Thursday, June 21, 2012

Miss Kent and Major Street: The Case of Constance Kent (1928)

Rhodes [sic] in his 'Case of Constance Kent' has made a great feature of insanity.  Was Mrs. Kent insane?

Constance Kent 1862
So began the missive that had been sent from Sydney, Australia to the offices of Geoffrey Bles, publisher of John Rhode's The Case of Constance Kent (1928). This missive, which was to prove one of the key documents in the great Constance Kent murder mystery, was turned over to Major John Street, the man behind the punning pseudonym John Rhode. Major Street determined to discover for himself whether the writer of the letter indeed was Constance Kent, who at this time, 1928, had been vanished from England for some forty-three years....

Kate Summerscale's bestselling and award-winning The Suspicions of Mr. Whicher (2008), an examination of the Constance Kent case, appeared eighty years after the publication of John Street's The Case of Constance Kent (1928).

Although in her Suspicions Summerscale alludes briefly to John Street's important role in the untangling of the Constance Kent affair, most reviewers of Summerscale's book seem to have been under the impression that Summerscale was plowing a virgin field in true crime.  Indeed, some reviewers of Summerscale's most recent book, Mrs. Robinson's Disgrace (2012), have remained under this impression.  "Like her award-winning The Suspicions of Mr. Whicher," writes Rachel Cooke in the Guardian, "[Mrs. Robinson's Disgrace] blows the dust off long-forgotten people and events...."

this latest account of the
Constance Kent case
became a bestseller 
Perhaps it is true that if an event has been forgotten by journalists it has well and truly been "forgotten," yet the fact is that the Constance Kent case incontestably is one of the classic English murder cases and has been treated as such by true crime writers since it so memorably burst upon public consciousness in 1860. The case was the subject not only of Street's book-length study, but of book-length studies by Yseult Bridges (Saint--with Red Hands, 1954) and Bernard Taylor (Cruelly Murdered, 1979/1989), as well as essays by the true crime writers William Roughead and F. Tennyson Jesse, two of the greatest figures in the history of the field.  To say that  the Constance Kent case was a "long-forgotten" event until Kate Summerscale wrote about it seems to me to be a little like saying that no one now recalls just who or what it was exactly that a certain Lizzie Borden was supposed to have whacked with an axe.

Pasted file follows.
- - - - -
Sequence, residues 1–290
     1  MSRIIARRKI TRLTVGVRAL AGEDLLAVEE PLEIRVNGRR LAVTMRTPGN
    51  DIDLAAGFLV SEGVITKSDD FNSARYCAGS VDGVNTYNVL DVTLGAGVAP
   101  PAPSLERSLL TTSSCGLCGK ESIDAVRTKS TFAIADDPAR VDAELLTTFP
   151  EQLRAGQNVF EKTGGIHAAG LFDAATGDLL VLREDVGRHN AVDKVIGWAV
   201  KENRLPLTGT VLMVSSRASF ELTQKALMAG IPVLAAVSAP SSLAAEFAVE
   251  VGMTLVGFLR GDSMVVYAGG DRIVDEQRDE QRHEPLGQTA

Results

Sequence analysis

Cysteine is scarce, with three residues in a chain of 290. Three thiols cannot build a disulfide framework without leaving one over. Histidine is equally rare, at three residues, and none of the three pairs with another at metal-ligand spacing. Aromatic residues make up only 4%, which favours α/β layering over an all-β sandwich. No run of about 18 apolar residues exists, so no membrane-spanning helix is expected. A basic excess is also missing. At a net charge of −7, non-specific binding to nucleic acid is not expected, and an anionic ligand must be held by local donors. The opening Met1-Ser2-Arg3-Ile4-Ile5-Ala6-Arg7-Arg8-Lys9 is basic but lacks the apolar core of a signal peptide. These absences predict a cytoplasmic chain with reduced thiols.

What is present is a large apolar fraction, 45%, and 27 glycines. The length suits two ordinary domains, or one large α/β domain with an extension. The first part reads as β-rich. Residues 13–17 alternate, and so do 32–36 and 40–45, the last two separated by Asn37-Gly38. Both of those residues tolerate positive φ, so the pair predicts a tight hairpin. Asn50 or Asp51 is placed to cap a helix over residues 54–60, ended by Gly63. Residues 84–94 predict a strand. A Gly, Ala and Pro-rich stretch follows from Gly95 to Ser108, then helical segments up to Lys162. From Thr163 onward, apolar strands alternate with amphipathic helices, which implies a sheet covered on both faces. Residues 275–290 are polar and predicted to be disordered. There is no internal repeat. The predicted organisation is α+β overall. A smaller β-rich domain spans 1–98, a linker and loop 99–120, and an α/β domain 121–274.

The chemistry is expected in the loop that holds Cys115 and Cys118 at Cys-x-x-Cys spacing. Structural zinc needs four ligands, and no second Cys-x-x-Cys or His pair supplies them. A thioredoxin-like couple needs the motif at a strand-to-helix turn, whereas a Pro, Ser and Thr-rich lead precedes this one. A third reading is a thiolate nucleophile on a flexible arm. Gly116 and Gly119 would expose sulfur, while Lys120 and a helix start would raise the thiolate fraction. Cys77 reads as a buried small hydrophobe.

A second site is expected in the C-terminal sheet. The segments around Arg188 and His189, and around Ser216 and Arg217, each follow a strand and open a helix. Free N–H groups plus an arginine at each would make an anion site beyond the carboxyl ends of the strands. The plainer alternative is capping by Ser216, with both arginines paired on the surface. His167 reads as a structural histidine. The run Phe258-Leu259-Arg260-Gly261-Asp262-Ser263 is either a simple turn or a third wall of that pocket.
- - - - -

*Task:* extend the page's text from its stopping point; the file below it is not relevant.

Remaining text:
For the purposes of this piece, I want to look more closely at John Street's role in the Constance Kent historiography.  It has been a disappointment to me that no review of Summerscale's Suspicions that I have seen has acknowledged Street by name (a 2008 review in The Independent is as close as I have seen to an acknowledgement, but, alas, Street is referred to only as "a writer investigating the case").

Road Hill House, home of the Kent family in 1860, when three-year-old Francis Saville Kent
was found dead with his throat cut, in the household's outdoor privy
It of course is true that due to the success of Kate Summerscale's Suspicions, a great many more people now are familiar with the facts of the Constance Kent case, but I will briefly recount them.

In 1860, Francis Saville Kent, the three-year-old son of Samuel Saville and Mary Pratt Kent (Samuel's second wife), was found dead with his throat cut, in the household's outdoor privy.  Jonathan Whicher, the celebrated Scotland Yard inspector eventually called in by a floundering local police force, soon charged the dead boy's sixteen-year-old half-sister, Constance, with the brutal crime.  The charge against her was dismissed by magistrates, leading to Whicher's public humiliation and premature retirement.